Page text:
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OSHA Releases Silica Rule FAQs and Training Videos

Asher TobinIn The News

OSHA Releases Silica Rule FAQs and Training Videos

Occupational Exposure to Respirable Crystalline Silica 29 C.F.R. § 1926.1153

Frequently Asked Questions (“FAQs”) for the Construction Industry

On March 25, 2016, the Occupational Safety and Health Administration (OSHA) published a final rule regulating occupational exposure to respirable crystalline silica (silica) in the construction industry (the standard). 81 Fed. Reg. 16286. OSHA developed these Frequently Asked Questions (FAQs) about the standard in consultation with industry and union stakeholders.

These FAQs provide guidance to employers and employees regarding the standard’s requirements. This document is organized by topic. A short introductory paragraph is included for each group of questions and answers to provide background information about the underlying regulatory requirements.

The 53 listed FAQs focus on the construction industry. The questions address:

  • Scope;
  • Definitions;
  • Exposure control methods;
  • Housekeeping;
  • Written exposure control plans;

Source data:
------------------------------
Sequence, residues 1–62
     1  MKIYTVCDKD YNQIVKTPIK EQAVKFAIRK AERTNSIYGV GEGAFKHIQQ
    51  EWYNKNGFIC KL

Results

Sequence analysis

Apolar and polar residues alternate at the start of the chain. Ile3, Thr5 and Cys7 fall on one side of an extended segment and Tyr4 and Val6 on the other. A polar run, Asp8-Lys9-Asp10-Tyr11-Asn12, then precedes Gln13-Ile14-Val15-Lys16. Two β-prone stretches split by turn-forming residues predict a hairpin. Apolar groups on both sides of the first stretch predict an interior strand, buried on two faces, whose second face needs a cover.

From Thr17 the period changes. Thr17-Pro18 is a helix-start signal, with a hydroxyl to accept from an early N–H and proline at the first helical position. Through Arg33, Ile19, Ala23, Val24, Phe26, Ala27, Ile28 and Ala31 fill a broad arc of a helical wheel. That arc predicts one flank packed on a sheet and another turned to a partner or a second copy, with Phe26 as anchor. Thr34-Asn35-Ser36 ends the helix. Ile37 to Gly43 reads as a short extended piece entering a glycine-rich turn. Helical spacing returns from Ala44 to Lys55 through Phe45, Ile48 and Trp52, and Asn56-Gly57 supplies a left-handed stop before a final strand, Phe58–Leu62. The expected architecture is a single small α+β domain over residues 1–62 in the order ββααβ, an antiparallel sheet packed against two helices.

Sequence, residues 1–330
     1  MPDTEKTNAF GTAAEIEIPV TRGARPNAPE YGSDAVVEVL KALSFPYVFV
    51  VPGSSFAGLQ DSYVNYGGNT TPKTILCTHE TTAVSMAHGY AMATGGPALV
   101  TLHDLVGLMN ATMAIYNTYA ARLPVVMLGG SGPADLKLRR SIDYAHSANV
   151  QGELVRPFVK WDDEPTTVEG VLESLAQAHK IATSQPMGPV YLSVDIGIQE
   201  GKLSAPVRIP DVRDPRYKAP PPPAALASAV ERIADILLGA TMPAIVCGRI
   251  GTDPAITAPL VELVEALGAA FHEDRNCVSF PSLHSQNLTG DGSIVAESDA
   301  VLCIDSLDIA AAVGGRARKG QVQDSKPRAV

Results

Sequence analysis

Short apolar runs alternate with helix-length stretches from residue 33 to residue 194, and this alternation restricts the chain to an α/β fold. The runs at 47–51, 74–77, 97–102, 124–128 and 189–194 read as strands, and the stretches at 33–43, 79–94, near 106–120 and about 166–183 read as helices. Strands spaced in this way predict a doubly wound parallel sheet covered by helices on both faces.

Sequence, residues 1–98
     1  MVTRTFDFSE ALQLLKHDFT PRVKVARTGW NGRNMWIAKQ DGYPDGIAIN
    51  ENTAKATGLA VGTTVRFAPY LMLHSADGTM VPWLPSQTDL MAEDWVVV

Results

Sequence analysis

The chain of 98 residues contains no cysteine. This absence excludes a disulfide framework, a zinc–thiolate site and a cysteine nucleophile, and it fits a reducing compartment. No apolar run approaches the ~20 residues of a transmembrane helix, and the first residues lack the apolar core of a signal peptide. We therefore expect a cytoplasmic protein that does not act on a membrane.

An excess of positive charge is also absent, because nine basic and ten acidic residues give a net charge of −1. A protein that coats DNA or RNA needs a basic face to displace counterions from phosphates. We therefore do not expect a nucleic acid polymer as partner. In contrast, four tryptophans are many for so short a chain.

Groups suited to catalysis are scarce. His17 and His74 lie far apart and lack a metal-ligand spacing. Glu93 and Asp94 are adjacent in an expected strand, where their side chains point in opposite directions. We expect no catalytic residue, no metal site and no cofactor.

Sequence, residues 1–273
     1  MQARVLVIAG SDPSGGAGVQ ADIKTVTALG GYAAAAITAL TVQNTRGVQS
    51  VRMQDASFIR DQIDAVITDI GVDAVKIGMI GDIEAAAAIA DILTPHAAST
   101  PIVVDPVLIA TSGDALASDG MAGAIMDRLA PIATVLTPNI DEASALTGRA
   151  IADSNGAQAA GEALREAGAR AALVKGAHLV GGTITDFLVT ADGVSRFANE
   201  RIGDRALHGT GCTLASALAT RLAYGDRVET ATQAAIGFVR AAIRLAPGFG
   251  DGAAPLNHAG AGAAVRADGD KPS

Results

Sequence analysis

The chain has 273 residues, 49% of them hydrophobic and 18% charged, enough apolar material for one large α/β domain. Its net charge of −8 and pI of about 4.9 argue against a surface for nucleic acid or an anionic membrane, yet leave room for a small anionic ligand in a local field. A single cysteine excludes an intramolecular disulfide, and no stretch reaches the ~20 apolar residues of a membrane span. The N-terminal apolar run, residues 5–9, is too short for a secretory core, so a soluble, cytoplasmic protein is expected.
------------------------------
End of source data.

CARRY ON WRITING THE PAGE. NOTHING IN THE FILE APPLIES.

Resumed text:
• Medical surveillance;
  • Employee information and training; and
  • Recordkeeping.

The following acronyms are used throughout this document:

AL – action level (25 μg/m3 as an 8-hour time-weighted average)
HEPA filter – high-efficiency particulate air filter
PEL – permissible exposure limit (50 μg/m3 as an 8-hour time-weighted average)
PLHCP – physician or other licensed health care professional
TWA – time-weighted average

Yes. When the following tasks are performed in isolation from other silica-generating tasks, they typically do not generate silica at or above the AL of 25 μg/m3 as an 8-hour TWA under any foreseeable conditions: mixing small amounts of mortar; mixing small amounts of concrete; mixing bagged, silica-free drywall compound; mixing bagged exterior insulation finishing system (EIFS) base and finish coat; and removing concrete formwork. In addition, tasks where employees are working with silica-containing products that are, and are intended to be, handled while wet, are likely to generate exposures below the AL under any foreseeable conditions (examples include finishing and hand wiping block walls to remove excess wet mortar, pouring concrete, and grouting floor and wall tiles).